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Although as a Broga teacher you are essentially self-employed, we recommend that you keep your Broga practice finances separate from your personal finances. This way you will be able to keep track of you business expenses and frequently look at your books to find ways to save money, cut unnecessary spending, and run your practice more efficiently. There are two types of costs that businesses face: fixed costs and variable costs. A general definition of these terms are that fixed costs are those costs that are more static and not determined by sales volume, while variable costs are dependent on the number of units produced. For your Broga practice, most of your costs will be fixed costs like rent and utilities, insurance, marketing, administrative, and loan/interest payments if you take out a loan. These are set costs that you pay regardless of how many customers attend your classes (i.e. the number of units you produce). A variable cost that you will face is the licensing fee (2013 trainees are exempt), which depends on the number of classes you teach per month. Variable costs are easier to handle for a small business, so, in order to save money, try to cut back on fixed cost spending, for example, by finding the lowest rent locations.

Below we break down the estimated start-up costs, monthly costs, and annual costs that you will likely face as a Broga teacher:

Start up costs:

  • Broga Training/Licensing Fees- $295
  • Yoga Supplies-$125 (mats) + $200 (blocks) + $120 (straps) + $75 (stereo) + $100 (cleaning)= $620
  • Marketing- $100
  • Insurance- (varies)
  • Music Licensing- $100

TOTAL: $1,115 (+insurance)

Monthly costs:

  • Broga Licensing Fees/mo-$80 (5-9 classes/wk)
  • Rent- avg. $35/hr = $1,260 (@ 9 hours of class/wk)

TOTAL: $1,340

Annual costs:

  • Broga Renewal Course- $150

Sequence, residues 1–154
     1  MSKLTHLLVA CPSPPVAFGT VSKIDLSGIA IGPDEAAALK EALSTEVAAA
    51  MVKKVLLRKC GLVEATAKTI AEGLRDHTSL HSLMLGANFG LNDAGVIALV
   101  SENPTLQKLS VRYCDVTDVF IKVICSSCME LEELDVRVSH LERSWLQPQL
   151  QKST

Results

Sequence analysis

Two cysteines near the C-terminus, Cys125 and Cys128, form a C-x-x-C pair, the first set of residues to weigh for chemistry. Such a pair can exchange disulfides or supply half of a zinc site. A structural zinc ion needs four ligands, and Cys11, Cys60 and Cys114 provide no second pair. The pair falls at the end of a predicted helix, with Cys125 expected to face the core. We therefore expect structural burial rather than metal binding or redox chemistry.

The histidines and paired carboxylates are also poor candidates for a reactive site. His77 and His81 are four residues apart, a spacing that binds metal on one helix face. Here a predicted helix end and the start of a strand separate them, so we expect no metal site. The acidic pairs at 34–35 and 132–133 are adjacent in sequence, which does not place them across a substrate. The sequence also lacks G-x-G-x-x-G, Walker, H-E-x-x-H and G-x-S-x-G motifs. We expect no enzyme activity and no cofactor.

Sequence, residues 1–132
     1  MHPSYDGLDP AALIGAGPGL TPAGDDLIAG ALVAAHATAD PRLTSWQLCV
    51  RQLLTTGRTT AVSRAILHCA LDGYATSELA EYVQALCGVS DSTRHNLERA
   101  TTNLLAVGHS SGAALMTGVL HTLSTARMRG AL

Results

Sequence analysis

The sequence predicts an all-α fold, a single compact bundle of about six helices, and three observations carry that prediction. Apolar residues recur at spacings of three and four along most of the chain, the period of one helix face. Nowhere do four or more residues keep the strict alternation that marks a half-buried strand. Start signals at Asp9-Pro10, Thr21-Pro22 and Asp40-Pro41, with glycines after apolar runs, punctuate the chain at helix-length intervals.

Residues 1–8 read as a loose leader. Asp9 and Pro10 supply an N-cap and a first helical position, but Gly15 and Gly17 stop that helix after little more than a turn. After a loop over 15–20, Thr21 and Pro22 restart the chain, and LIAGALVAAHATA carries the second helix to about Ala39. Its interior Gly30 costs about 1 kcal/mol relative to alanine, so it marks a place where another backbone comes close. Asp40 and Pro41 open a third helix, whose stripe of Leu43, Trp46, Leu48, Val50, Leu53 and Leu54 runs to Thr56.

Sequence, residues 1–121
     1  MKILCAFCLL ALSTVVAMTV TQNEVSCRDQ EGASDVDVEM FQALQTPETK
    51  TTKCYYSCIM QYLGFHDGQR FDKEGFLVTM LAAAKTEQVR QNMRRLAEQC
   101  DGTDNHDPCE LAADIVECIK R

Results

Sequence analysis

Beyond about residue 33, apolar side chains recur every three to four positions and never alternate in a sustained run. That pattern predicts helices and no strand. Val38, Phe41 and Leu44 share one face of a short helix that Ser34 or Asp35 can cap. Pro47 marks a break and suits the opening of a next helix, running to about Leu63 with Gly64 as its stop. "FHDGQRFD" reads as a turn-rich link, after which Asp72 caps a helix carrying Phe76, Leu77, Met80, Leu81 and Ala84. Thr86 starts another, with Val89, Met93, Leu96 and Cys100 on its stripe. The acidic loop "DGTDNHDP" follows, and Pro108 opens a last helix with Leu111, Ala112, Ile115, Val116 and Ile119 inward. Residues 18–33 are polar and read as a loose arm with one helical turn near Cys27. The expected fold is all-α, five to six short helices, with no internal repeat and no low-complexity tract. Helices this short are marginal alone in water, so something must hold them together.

• Music Licensing- $100
  • Marketing- $200

TOTAL: $450 (+$1,340/mo)

We recommend putting together an income statement, balance sheet, and statement of cash flows in order to keep track of where your money is going and how much is coming in and going out. These financial statements can be very useful in making sure your business is running efficiently. You should also utilize a money management program such as QuickBooks or Quicken, as stated in the “Small Business Taxes” section.

It will also be important to understand your break even point (break even point = fixed costs/ (revenue – variable costs)) which is the point at which you will have made enough of a profit to cover your fixed costs and experience no losses. Obviously, this will be a very important milestone to hit. Keeping this equation in mind could mean the success of your business as it will help you find ways to lower your costs, find the appropriate prices to charge, and give you a tangible goal for your business to reach.

Below are three very good articles to help you understand a little bit more about the costs of running your business, the financial statements and how they work, as well as how to maintain appropriate profit margins:

“Estimating Startup Costs”

“Beginner’s Guide to Financial Statements”

Understanding Your Gross Margin”

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